Maternal prenatal stress and cortisol reactivity to stressors in human infants
SourceStress : The International Journal on the Biology of Stress, 14, 1, (2011), pp. 53-65
Article / Letter to editor
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SW OZ BSI ON
Stress : The International Journal on the Biology of Stress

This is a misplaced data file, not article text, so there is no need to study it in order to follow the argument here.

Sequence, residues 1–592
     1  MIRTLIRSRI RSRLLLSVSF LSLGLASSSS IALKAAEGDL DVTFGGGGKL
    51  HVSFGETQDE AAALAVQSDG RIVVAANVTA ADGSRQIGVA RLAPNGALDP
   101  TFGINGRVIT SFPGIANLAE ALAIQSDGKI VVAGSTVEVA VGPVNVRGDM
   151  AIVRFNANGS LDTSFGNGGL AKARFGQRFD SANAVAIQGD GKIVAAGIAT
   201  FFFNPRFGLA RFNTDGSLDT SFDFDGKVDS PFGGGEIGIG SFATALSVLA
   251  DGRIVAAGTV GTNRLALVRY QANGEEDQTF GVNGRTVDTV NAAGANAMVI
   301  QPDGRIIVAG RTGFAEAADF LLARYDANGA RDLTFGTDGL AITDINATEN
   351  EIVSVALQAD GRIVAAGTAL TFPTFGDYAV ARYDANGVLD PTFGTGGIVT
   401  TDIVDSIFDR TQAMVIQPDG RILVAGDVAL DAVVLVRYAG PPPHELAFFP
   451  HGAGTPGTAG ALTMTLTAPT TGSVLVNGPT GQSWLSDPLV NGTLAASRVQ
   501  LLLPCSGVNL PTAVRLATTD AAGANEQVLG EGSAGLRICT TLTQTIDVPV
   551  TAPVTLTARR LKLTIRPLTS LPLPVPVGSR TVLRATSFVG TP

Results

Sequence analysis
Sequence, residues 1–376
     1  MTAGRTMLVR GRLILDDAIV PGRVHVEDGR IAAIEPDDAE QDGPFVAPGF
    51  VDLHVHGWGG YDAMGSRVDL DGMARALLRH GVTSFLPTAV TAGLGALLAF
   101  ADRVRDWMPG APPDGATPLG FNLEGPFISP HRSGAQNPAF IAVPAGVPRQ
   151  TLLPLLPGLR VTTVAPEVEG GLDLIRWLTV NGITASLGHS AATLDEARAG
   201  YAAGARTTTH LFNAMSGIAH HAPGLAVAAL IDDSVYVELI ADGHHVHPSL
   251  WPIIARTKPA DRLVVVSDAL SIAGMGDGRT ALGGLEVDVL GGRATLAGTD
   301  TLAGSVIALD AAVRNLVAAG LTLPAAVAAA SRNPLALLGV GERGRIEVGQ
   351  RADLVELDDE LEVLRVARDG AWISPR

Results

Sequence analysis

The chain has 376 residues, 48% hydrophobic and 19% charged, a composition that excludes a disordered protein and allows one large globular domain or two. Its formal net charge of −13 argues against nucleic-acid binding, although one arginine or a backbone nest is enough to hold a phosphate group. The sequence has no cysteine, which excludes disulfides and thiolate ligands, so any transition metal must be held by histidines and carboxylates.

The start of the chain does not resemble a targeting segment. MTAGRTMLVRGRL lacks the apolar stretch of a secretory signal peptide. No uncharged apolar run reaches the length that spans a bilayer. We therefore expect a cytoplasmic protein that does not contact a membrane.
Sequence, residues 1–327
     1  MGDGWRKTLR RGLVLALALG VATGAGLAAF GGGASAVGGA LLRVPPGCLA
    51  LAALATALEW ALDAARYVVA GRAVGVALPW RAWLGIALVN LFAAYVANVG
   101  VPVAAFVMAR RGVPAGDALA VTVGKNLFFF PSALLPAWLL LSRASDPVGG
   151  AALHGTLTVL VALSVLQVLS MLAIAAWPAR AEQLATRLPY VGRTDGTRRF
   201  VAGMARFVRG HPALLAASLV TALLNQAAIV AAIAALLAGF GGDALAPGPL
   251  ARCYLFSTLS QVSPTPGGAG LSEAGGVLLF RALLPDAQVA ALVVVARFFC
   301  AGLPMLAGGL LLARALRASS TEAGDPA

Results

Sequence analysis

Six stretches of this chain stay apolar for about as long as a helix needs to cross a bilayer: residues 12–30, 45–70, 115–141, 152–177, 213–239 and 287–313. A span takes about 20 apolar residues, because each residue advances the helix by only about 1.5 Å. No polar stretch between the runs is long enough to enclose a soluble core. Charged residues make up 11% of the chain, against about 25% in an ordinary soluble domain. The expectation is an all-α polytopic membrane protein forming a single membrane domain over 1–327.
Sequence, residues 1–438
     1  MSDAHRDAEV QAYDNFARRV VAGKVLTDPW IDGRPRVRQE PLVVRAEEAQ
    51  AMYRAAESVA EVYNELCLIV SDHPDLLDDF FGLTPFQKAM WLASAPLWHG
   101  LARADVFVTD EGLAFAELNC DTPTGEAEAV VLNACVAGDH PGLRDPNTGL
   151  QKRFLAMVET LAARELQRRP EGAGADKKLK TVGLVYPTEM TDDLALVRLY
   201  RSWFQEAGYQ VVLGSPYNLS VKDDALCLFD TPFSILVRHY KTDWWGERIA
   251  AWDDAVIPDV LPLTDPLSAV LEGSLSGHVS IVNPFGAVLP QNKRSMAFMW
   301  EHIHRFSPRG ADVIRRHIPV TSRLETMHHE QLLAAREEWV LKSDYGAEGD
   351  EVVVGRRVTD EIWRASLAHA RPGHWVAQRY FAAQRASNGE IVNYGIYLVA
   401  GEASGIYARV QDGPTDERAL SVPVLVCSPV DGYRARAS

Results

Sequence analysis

Early life factors can shape the development of hypothalamic pituitary adrenal (HPA) axis. Maternal prenatal stress might constitute such an early environmental factor. As little is known about the relation between maternal prenatal stress and cortisol reactivity in human offspring, we performed a longitudinal study including four assessments of infant cortisol reactivity to stressful events in a non-clinical population. General and pregnancy-related feelings of stress and anxiety, as well as circadian cortisol levels, were measured in 173 mothers in the last trimester of pregnancy. Infant cortisol reactivity was measured at 5 weeks to a bathing session, at 8 weeks to a vaccination, at 5 months to a stressful mother-infant interaction (still face procedure), and at 12 months to a maternal separation (strange situation procedure). Maternal prenatal fear of bearing a handicapped child was a consistent predictor of infant cortisol reactivity. Although the effects were mild, higher fear was significantly related to higher salivary cortisol reactivity to the bathing session and to decreased cortisol reactivity to vaccination and maternal separation. Thus, pregnancy-specific anxieties predict infant cortisol reactivity in the first year of life, but the direction of the effect depends on infant age and/or the nature of the stressor. While this specific anxiety was a better predictor than stress experience or maternal cortisol concentrations, the underlying mechanisms of these associations remain unclear. Future studies should try to incorporate multiple measures of HPA-axis reactivity during development when studying the long-term consequences of maternal prenatal stress.
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